Citing local study, Child Abuse Network CEO is ‘extremely concerned’ COVID-19, related safety orders contributed to increase in incidents

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The leader of the Child Abuse Network said the organization is “extremely concerned” the COVID-19 pandemic and associated shelter-in-place policies could have contributed to an increase in abuse in Oklahoma after a study claimed criminal charges related to those incidents this spring fell roughly 25% short of projections.

The study, published this month in the Child Abuse and Neglect journal, relied on data from the past 10 years of Oklahoma criminal case filings to forecast the number of cases expected from February to June 2020.

The Child Abuse Network said all of those months, with the exception of March, saw “progressively lower” criminal cases filed than what the study’s authors projected.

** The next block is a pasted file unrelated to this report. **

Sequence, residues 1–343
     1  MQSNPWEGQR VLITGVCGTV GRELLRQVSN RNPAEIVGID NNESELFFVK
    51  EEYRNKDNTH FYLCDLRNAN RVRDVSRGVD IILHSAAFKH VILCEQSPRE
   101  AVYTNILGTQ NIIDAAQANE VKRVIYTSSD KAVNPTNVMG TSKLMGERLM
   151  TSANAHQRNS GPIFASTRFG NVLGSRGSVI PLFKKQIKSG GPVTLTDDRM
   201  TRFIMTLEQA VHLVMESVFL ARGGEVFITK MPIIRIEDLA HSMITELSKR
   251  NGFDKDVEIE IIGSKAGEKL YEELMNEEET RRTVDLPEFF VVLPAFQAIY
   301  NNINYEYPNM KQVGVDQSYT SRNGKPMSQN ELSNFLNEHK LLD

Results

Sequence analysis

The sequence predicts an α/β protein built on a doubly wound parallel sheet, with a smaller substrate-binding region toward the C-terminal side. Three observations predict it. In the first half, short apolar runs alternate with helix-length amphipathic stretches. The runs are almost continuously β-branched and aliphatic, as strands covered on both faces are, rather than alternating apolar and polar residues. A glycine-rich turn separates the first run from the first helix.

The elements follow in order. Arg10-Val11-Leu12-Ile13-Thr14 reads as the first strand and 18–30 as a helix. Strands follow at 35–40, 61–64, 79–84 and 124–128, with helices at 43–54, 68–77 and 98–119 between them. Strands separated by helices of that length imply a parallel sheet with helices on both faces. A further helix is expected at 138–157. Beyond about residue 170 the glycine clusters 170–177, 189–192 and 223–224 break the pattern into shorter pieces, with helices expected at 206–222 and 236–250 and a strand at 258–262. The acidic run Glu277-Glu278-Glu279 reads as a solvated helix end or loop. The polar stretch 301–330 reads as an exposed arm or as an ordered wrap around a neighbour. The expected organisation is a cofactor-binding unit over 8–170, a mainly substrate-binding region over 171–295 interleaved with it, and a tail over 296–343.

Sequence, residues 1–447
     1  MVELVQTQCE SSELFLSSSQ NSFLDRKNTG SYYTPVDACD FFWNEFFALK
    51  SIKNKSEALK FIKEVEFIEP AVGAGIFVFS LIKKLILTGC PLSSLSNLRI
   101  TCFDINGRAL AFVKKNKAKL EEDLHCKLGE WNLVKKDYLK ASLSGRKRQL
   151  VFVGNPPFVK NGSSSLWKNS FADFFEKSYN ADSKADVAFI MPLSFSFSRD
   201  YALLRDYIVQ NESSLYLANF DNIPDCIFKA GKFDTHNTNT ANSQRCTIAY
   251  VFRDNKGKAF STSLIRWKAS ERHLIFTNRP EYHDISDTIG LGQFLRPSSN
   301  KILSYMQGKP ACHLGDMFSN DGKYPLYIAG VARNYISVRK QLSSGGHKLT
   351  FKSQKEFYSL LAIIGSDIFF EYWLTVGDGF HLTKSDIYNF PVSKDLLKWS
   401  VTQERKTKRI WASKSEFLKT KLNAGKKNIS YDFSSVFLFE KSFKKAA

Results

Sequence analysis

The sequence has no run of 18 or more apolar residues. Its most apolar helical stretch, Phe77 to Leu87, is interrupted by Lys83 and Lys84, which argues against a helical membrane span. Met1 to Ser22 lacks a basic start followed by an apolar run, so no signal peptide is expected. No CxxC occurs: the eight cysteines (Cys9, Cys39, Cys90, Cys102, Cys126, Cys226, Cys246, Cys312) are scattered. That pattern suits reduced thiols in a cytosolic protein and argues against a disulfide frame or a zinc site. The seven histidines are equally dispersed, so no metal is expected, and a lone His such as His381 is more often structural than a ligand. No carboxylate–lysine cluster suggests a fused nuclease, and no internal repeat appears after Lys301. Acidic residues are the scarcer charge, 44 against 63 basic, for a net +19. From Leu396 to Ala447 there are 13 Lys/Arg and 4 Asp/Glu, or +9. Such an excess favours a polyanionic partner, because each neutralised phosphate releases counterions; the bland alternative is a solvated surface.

“As an organization which serves our most vulnerable population, the Child Abuse Network has been extremely concerned as ‘shelter-in-place’ orders were enacted and children at risk lost a connection to caring adults outside the home who could report suspected abuse,” Child Abuse Network President and CEO Maura Guten said in a news release about the report’s findings.

She went on to claim that, “Instead of being ‘safer at home,’ helpless children were trapped in an unsafe environment aggravated by the stress and economic instability inflicted by the pandemic. All indicators show the pandemic has led to a child abuse epidemic.”

The report is from a research team from OSU Center for Health Sciences, as well as from pediatricians and researchers at OU-Tulsa School of Community Medicine who specialize in working with abuse and neglect cases.

The study is based on publicly available court filings “pertaining to child abuse and neglect” from Jan. 1, 2010, to June 30, 2020. Researchers then created autoregressive integrated moving average, or ARIMA, algorithms with that data to forecast trends in criminal charges for February to June 2020.

According to the Child Abuse Network, the report’s authors contend shelter-at-home orders resulted in children being seen less frequently by caring adults who do not live with them.

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